The past returns to haunt us sometimes, and those you thought you’d beaten come back with more power. That’s exactly what happened to presidents Nicolas Maduro and Daniel Ortega on February 1st, when the United States Senate confirmed Rex Tillerson as the US Secretary of State for the new Trump administration.
Although neither Ortega nor Maduro have ever seen Tillerson in person, both know very well who he is, or to be exact, who he was: the CEO of Exxon Mobil Corporation, better known by its trade name of Esso.
Of course, the recently named Secretary of State also knows very well who they are: Maduro and Ortega head the authoritarian regimes of two countries who once stood up against the commercial and financial interests of Esso when he, Tillerson, was the “strong man” of that company.
In the case of Venezuela, in 2007 then-president Hugo Chavez decreed the nationalization of all private hydrocarbon companies, making the State the owner of 51% of the shares.
There followed a long series of judge’s rulings and negotiations, pushing the cost of the decision past $8 billion for the US transnational. In the end, they opted to leave Venezuela.
The situation in Nicaragua was less dramatic but more embarrassing to them. In August of the same year, Ortega’s new regime, in need of installations to store the fuel that their Venezuelan partner had offered them, ordered the takeover of seven of Esso’s tanks, located in the port city of Corinto.
The excuse was a supposedly unpaid tax bill from 2003-5 in the amount of $84.5 million córdobas, to which the government added a penalty of $17 million Córdoba’s, for an approximate total of US $5.5 million dollars.
The conflict forced Esso to choose among their most seasoned and capable Latin American experts and send them to Managua to negotiate with the Ortega government.
In passing, the transnational sought help from the US embassy in Nicaragua, and also support from the private sector, headed by Jose Adan Aguerri, then president of COSEP, the Superior Council of Private Enterprise, and Cesar Zamora, president of the American Chamber of Commerce in Nicaragua. In addition they reached out to Arturo Cruz, at that time the Nicaraguan ambassador in Washington, and to the American Chamber that was meeting in the United States capital at the end of 2007.
“Direct from his desk”
Although Tillerson didn’t travel personally to Nicaragua to deal with the crisis, his representatives indicated clearly to their intermediaries in the country that their proposals had come “directly from the CEO’s (Tillerson’s) desk.”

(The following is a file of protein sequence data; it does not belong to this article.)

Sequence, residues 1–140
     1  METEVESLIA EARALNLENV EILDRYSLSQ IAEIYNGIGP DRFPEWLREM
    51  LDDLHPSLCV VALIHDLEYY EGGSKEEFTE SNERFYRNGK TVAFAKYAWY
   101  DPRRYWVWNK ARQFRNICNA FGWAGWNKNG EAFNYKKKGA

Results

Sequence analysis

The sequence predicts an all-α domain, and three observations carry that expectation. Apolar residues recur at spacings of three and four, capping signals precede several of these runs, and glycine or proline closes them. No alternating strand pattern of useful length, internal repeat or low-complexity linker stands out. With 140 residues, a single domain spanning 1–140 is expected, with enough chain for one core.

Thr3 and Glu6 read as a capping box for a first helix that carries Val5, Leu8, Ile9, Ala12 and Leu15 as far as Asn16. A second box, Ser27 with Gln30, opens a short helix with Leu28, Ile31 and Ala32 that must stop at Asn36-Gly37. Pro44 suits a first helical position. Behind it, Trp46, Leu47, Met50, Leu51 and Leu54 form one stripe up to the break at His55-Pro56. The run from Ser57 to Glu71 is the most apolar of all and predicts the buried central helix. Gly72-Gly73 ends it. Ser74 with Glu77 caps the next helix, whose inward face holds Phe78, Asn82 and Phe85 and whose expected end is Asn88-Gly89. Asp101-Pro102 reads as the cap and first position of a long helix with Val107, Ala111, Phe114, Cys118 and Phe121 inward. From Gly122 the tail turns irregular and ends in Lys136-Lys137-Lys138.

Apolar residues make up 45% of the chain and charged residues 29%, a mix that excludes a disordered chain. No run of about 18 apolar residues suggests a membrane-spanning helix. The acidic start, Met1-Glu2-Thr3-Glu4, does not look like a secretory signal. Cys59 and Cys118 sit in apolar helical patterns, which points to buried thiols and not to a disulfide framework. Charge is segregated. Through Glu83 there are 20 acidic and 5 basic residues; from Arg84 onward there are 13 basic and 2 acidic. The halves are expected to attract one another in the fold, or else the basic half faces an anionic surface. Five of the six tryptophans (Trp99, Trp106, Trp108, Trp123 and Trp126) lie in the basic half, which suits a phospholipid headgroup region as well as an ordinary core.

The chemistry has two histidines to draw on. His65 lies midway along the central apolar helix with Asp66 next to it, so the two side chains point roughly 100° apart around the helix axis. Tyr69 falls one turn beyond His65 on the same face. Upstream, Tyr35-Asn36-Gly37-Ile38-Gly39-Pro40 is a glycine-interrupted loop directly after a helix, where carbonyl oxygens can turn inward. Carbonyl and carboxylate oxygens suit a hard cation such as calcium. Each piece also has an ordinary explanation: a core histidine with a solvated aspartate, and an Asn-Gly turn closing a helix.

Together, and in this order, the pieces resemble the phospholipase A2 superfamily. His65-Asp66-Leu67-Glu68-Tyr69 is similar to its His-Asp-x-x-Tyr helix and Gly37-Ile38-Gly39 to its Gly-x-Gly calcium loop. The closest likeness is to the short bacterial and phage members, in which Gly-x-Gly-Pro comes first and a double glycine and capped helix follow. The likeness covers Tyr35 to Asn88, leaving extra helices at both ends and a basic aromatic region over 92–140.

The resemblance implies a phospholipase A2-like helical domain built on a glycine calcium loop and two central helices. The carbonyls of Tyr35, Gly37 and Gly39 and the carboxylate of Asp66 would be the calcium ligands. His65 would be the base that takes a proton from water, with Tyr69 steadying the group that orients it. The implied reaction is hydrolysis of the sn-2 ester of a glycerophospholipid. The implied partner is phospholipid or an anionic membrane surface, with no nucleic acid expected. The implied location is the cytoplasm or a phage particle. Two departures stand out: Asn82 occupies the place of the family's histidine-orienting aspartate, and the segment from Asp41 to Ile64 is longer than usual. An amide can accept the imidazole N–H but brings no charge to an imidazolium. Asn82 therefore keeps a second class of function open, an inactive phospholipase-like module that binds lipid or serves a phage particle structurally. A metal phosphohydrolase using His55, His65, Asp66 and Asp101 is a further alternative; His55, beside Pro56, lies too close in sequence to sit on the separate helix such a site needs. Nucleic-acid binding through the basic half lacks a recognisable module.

Following several weeks of intense negotiations in which Esso’s Latin American heavyweights met with top officials from Albanisa(*)and those from the Ministry of Mining and Energy, Ortega’s government and the transnational company arrived at an agreement.
Among the most important elements that came to light later was that the government agreed to return the tanks to Esso, and the company in turn committed to renting them to Petronic, the Nicaraguan state fuel company. In exchange, the suit would be withdrawn, as in fact occurred.
Although at the time there were voices giving the opinion that Esso had been humiliated by Ortega’s government, a source from the energy sector told Confidencial that the company was merely “surprised, not humiliated” by the attack.
Possibly as a result of that negotiation, Esso obtained government authorization to oversee the importation of Venezuelan crude to Nicaragua. It did so for the next three years, until in March 2011 the company sold off all their operations in the region, except for Costa Rica where they had already exited several years before.
“Esso left Nicaragua happy because they made a good sale, successfully exiting a market they no longer wanted to participate in, to concentrate on the work of looking for new sources of oil,” stated the source we consulted.
Upon selling off the operation, Nicaragua ceased being a point of interest on Tillerson’s map. His Senate confirmation as Secretary of State means that sooner or later, Nicaragua will once again become a point of interest on that map, and we’ll find out if the now powerful man in Washington has forgotten the embarrassment that Ortega subjected him to, or if he still holds on to the memory.
This article has been translated from Spanish by Havana Times.